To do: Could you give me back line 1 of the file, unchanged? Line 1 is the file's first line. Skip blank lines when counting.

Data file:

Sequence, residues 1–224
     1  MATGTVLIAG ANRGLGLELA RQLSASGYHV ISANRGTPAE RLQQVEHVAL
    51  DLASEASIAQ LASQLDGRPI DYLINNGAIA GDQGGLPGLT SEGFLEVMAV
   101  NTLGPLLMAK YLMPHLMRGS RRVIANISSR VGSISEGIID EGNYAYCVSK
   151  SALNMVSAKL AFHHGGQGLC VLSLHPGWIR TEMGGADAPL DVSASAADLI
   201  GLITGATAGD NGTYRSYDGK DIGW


Sequence, residues 1–224